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Tue, March 02

Expect at least 12 inches of snow in Prescott area, Weather Service says
Another storm to hit next weekend too

Snow plows will be out in force this weekend, with at least 12 inches of snow expected by early Tuesday, Jan. 26, 2021. (ADOT/Courtesy, file)

Snow plows will be out in force this weekend, with at least 12 inches of snow expected by early Tuesday, Jan. 26, 2021. (ADOT/Courtesy, file)

The two winter storms that are bearing down on northern Arizona this weekend promise at least 12 inches of snow when it’s all said and done by Tuesday morning, said Brian Klimowski, meteorologist in charge at the National Weather Service, Beaumont office near Flagstaff.

Klimowski, in a Saturday morning interview, Jan. 23, said the first storm was to hit the greater Prescott area Saturday evening and through Sunday.

“We have a system here that will impact us later today (Saturday) and through Sunday, dropping about 3 to 5 inches of snow,” he said. “Higher terrain to the south and west of the greater Prescott area can expect more than 6 inches; Chino Valley, probably 1 to 3 inches.”

The bigger impact storm, late Sunday through early Tuesday, is expected to bring at least 12 inches of snow to the tri-city area, he said, adding that 18 inches is forecast for south and west of Prescott.

“The systems are not drought busting – but will provide much needed liquid moisture,” Klimowski said, clarifying that between the rain and melted snow Prescott-area residents can expect 1.5 to 3.5 inches of precipitation soaking into the ground.

“It is a drought reliever but not a drought buster. We’re very far behind (in precipitation) but this will be very beneficial,” he said.

Through Friday, the Prescott area has received 0.30 inches of precipitation, where normal year-to-date, 2021 levels would be at 0.82 inches, according to the Weather Service climate data tracker. Further, the area has received only 0.51 inches of precipitation since Oct. 1, 2020; normal would be 3.62 inches.

That is on top of 2020 being the driest year ever in recorded history, with 6.69 inches of precipitation; normal is 13.94 inches. The Weather Service began recording weather data in 1898.

Klimowski added that the extended forecast is still calling for warmer and drier winter conditions than normal. “We will still see some (storms) in this La Nina winter, but we will see less.”

He said the Weather Service’s meteorologists currently are keeping their eyes on another storm, which is expected to roll into northern Arizona next weekend, Jan. 29-31, “that could drop significant moisture too.”


These storms are expected to make driving conditions difficult in the high country, this weekend and next. Temperatures in northern Arizona on Wednesday and Thursday also are expected to be bitterly cold, raising concerns about the possibility of frozen pipes in some areas of the high country.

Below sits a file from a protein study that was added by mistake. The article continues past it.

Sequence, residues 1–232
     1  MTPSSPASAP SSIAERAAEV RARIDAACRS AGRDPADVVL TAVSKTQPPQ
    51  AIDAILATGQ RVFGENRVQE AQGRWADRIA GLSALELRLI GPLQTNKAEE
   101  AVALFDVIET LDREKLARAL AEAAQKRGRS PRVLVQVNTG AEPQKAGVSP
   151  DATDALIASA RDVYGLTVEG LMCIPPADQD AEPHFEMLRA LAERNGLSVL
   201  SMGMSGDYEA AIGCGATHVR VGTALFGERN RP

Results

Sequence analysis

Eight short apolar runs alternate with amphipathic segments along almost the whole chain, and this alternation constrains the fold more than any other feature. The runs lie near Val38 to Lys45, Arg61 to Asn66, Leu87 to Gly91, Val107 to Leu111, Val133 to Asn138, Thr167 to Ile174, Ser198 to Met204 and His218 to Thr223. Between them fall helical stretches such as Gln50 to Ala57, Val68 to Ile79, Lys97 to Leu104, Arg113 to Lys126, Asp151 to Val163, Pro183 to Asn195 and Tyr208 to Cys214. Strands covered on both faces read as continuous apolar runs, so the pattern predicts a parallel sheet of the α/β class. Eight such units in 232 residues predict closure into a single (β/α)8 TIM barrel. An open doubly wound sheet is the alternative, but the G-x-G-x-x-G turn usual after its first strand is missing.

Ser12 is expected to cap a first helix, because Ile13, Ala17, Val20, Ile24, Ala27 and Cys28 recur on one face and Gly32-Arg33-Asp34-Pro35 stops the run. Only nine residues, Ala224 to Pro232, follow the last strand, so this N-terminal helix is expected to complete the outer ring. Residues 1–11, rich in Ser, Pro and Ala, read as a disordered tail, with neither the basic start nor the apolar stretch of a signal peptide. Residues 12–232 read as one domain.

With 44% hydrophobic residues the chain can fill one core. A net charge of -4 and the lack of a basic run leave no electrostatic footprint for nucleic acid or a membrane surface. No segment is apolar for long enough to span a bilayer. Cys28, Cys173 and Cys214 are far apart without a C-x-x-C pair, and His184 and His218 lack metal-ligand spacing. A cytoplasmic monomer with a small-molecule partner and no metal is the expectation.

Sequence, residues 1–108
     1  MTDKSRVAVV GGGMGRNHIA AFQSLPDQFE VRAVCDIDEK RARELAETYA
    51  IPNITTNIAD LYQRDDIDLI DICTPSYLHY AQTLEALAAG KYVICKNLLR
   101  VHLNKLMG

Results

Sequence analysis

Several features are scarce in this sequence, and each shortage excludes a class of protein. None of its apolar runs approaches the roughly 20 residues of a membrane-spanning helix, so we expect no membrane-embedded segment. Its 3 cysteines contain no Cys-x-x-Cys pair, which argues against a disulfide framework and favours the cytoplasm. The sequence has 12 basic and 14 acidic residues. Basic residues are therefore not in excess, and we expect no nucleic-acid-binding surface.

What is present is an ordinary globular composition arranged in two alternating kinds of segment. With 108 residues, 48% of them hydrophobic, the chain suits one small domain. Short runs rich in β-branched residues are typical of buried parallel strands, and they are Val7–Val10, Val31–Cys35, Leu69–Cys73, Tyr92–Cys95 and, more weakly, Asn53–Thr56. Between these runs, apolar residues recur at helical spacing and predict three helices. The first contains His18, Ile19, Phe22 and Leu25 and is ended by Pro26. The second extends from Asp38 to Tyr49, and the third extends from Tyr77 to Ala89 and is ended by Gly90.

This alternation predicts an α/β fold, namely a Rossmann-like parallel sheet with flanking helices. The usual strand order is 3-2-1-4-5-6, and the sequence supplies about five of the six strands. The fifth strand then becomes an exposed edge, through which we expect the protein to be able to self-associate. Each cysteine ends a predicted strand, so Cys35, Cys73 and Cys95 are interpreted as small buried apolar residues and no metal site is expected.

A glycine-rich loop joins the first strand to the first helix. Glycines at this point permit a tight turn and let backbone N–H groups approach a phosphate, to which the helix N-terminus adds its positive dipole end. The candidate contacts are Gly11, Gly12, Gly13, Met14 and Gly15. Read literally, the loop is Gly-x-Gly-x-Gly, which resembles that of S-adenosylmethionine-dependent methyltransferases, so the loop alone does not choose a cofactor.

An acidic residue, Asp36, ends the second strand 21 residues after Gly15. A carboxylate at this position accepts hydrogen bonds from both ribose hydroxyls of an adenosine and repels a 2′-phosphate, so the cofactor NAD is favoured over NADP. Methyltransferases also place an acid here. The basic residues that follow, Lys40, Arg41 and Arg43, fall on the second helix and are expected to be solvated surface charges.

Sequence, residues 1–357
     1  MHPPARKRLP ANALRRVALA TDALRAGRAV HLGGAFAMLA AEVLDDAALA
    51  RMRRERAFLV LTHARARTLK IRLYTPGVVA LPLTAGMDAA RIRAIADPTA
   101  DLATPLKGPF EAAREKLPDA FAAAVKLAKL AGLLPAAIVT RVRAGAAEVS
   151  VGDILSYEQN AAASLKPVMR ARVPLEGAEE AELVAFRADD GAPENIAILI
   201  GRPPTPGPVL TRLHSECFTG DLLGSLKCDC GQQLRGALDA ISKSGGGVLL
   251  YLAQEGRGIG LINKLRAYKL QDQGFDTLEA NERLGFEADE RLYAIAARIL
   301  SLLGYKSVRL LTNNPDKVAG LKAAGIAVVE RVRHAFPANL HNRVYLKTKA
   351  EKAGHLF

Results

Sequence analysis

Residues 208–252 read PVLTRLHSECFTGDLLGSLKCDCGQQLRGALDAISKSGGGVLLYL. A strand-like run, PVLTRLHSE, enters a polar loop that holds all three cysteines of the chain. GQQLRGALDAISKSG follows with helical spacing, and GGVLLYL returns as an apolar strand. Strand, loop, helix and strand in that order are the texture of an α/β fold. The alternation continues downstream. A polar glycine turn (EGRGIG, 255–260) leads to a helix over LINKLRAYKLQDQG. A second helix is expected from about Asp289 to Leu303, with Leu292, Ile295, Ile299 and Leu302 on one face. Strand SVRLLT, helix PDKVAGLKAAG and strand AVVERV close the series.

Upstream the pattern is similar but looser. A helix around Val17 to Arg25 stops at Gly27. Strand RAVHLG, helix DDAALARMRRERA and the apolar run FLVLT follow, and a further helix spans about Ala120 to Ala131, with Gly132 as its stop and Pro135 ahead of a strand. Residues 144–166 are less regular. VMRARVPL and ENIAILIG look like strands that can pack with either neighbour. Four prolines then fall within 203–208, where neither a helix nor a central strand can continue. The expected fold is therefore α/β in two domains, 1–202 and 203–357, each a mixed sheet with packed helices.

The Arizona Department of Transportation advises drivers to consider delaying all but essential travel, according to a news release.

ADOT officials stated late last week that waiting out a storm before traveling is the safest and most efficient option because it allows ADOT’s snowplows to clear the highways more quickly. A highway takes much longer to plow when it’s crowded with vehicles that shouldn’t be traveling on a roadway that’s slick with snow and ice.

Check road conditions by calling 511 or visiting ADOT’s Twitter account (@ArizonaDOT) and Facebook page ( provide real-time information and interaction. And the free ADOT Alerts app available at will send critical information, including alternate routes, should snow and ice close a major highway.

If delaying travel is not possible, leave prepared with the expectation of spending extended time on the road. Remember to slow down, leave extra room behind the vehicle ahead of you, and pack an emergency kit containing a fully charged cell phone, warm clothing, blankets, food and water, medications and sand or kitty litter in case you get stuck in the snow.

While ADOT’s snowplow operators are ready to help you, you should help them in return. Always respect the plow. Avoid passing a snowplow that’s clearing a highway until the driver pulls over to let traffic pass, and never assume a snowplow operator knows your vehicle is nearby. If you can’t see the plow driver, there’s a good chance the driver can’t see you.

Remember, ADOT added, the safest place on a highway when it’s snowing is trailing a safe distance behind a snowplow.

Visit for more winter driving tips.

EDITOR’S NOTE – This weather report from the National Weather Service was up-to-date as of 9 p.m. Saturday, Jan. 23, with snow beginning to fall in the Prescott area. Watch The Daily Courier and for updated information as details are made available.

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